We didn’t get a ticket that night. We were just told to leave and that if we came back we’d probably get a ticket. We drove around for a while looking for a place to park so we could sleep. It was a very desperate feeling. We felt for a moment like maybe this music thing isn’t worth it. But we had a record and big ass tour to see through so we toughed it out a little longer and found a spot nearby, safe from law enforcement (ironically right across the street from the police station). Fast forward a few years later and here we are living in a studio, across from the homeless. Like A LOT OF HOMELESS. It’s grown exponentially since we left for tour over two months ago. A criminal element has finally sunk its claws into our once docile encampment. The drug dealers have set up shop in the camp, showing no shame, dealing literally in the middle of the street. Junkies shooting up in cars litter not only our street but all the surrounding areas. The lowest level of drug addicted and mentally ill prostitutes walk the street in broad daylight. Some riddled with open sores, some underage. Sex trafficking is real on Wood St. It’s become an open air brothel for the truckers that park along our street. There is a stench in the air like none other when you walk down Wood St. Like being trapped inside of a backed up port-a-poty. The homeless shanty town across the street is not only littered with the garbage of the privileged citizens, it’s also a giant public toilet. No really, I had to pick up some dudes turd and makeshift toilet paper in front of our door the other day.
Greed. It’s greed over human life. And it’s the willingness on the part of people who seek personal enrichment to destroy other human beings. That’s a common thread. We, in that biblical term, we forgot our neighbor. And because we forgot our neighbor in Pine Ridge, because we forgot our neighbor in Camden, in Southern West Virginia, in the produce fields, these forces have now turned on us. They went first, and we’re next.
I was born here in the San Francisco Bay Area. Oakland to be exact. So this is home. I don’t know the solution to this problem, and I’m fully aware that all these people aren’t leaving anytime soon. I’m fully aware of all of the systemic factors that can put people in a situation where you find yourself living in a makeshift shanty town tent city below the freeway. Really I do. Maybe that’s why it’s so goddamn frustrating! Living here, you actually build relationships with some of the people. One woman for instance who now is a drug addicted prostitute was at one time a friend to Chicky and I. She did everything she could to support our music from the moment we met. She would come to shows and even buy merch. She’d play our music to anyone that would listen. But her addiction to drugs took over. She’s a 40+ year old local street walker here on Wood St., and sadly at times she’s barley recognizable. I know the pain of addiction all too well. Some of you might not know, but I grew up with a mother that was addicted to drugs for the majority of my formative years. I saw up close and personal what damage it can do to a person. My mother’s addiction came to a head when I was 20 years old and I watched the paramedics carry my mother off in an ambulance in a state of “methamphetamine psychosis”. Devastating effects, but not all of these effects have to be permanent. I’m happy to say that my mom is clean and doing just fine. She’s is a social activist fighting for workers rights to a living wage. She’s just one of many stories that I personally know of people that have sank to the bottoms of human despair, to rise out and thrive. I say this because I understand that people can hit a true a bottom, and with the right support, you can achieve so much. When I look outside, and I see the growing encampment. I see the dead eyes of the people that live in it. When I see levels of despair people feel coupled with lack of resources and opportunity at these peoples disposal, I feel “hope” is a filthy 4 letter word. I don’t know where we should start to try to solve this homeless problem, and because of that I at times loose faith. Not faith in a deity, but faith in humanity. Have these people lost theirs? Or we have we lost ours because we know are viewing these human beings as parasites. Sub-human creatures that are no longer worthy of living. Sometimes I feel that the cyclical reality of a fear and consumption based society has made is blind to the struggles of our fellow man. I’m face to face with the reality of a changing city everyday. Rising rents, more RV’s and cars parked up and down every alley and industrial street in West Oakland with people living in them. I’m going to continue to have a dialogue with my homeless neighbors and I’m writing this because we have some extremely kind, caring and intelligent fans/friends. I’m writing this with the hope that the collective minds of good people can help us come with something that can start a process to help these people out. Outside of hipsters trying to lessen their carbon footprint, not everyone wants to live in a “tiny house”. I will close with this quote from Julien Benda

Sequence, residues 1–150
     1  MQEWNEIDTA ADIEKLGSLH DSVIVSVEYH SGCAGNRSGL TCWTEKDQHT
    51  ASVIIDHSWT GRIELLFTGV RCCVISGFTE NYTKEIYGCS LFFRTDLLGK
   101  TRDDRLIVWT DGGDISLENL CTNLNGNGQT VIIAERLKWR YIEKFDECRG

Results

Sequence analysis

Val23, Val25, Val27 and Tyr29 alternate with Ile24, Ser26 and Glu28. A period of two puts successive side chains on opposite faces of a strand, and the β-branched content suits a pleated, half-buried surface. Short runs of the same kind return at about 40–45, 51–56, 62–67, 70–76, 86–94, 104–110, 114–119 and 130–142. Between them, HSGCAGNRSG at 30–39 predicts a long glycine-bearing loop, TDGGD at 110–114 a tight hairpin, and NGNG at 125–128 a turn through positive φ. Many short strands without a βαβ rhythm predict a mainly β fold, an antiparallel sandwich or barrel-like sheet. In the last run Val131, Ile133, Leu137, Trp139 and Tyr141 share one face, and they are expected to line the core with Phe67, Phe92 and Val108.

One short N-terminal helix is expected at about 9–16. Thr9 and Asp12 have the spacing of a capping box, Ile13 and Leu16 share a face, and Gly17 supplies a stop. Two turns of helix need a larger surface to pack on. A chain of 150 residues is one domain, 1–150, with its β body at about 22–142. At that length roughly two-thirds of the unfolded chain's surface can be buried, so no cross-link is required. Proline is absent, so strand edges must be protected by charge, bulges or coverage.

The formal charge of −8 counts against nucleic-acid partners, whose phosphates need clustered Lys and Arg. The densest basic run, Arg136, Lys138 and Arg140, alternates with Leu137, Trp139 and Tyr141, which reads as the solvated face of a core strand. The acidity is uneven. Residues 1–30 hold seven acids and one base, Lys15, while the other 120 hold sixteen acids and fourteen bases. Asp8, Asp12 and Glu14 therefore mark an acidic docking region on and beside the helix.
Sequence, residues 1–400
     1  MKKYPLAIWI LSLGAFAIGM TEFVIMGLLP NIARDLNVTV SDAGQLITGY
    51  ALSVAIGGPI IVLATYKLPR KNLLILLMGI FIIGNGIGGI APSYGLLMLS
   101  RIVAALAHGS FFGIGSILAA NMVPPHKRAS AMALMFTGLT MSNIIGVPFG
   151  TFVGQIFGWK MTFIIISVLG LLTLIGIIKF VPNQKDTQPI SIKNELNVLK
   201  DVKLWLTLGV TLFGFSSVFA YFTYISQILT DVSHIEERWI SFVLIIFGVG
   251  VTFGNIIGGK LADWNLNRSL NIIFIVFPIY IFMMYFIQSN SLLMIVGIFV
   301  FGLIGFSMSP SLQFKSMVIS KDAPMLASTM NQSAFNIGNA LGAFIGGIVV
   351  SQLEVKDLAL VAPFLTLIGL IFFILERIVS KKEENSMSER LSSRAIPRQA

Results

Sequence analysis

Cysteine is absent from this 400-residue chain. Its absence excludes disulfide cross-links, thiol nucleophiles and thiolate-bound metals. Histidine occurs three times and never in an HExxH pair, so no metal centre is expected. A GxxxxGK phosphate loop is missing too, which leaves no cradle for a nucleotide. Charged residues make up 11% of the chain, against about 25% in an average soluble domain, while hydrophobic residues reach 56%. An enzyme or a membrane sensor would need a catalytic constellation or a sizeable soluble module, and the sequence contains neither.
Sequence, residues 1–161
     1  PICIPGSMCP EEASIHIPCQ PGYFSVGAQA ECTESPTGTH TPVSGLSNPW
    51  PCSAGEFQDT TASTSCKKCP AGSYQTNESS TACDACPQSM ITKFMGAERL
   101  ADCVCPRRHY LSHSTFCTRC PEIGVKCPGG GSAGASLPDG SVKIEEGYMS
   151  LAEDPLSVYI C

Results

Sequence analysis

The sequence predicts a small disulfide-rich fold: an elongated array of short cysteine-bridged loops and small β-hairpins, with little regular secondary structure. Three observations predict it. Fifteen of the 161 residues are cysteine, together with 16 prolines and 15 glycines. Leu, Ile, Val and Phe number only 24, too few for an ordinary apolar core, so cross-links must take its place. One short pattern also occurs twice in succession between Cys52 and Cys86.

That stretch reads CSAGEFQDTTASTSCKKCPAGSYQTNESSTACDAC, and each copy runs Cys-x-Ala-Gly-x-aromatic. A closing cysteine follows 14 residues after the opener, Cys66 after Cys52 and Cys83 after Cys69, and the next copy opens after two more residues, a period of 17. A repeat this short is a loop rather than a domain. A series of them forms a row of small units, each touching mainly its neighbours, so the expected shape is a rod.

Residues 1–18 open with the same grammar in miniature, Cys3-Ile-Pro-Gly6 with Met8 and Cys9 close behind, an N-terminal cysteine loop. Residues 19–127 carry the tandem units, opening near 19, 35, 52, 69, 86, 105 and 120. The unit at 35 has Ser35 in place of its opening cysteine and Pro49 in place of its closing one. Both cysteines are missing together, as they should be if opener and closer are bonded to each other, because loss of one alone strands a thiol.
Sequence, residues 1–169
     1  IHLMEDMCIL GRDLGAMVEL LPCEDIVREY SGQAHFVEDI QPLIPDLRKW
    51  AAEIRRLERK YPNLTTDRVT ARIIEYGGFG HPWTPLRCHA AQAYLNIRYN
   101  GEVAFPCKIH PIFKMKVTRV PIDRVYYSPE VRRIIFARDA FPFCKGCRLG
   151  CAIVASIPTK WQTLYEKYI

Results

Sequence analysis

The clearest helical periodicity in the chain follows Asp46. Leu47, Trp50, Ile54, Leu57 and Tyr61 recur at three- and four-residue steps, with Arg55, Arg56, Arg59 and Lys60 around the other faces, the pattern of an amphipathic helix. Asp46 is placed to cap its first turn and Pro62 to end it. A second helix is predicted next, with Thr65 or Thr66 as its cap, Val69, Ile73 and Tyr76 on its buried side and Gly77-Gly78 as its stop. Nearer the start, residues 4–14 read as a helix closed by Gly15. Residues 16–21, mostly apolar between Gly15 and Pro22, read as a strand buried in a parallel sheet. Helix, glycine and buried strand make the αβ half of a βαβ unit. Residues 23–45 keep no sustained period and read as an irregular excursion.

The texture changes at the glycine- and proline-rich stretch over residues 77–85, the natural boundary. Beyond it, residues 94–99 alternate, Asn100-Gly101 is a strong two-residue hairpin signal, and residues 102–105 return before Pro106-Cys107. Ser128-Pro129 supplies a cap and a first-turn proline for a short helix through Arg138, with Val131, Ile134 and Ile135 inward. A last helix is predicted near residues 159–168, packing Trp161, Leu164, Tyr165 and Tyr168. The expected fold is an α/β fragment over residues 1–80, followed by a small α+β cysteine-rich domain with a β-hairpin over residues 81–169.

“We can serve privilege and power or we can serve justice and truth. And those of us who commit to serving justice and truth, the more we make concessions to those who serve privilege and power, the more we dilute the possibilities of justice and truth.”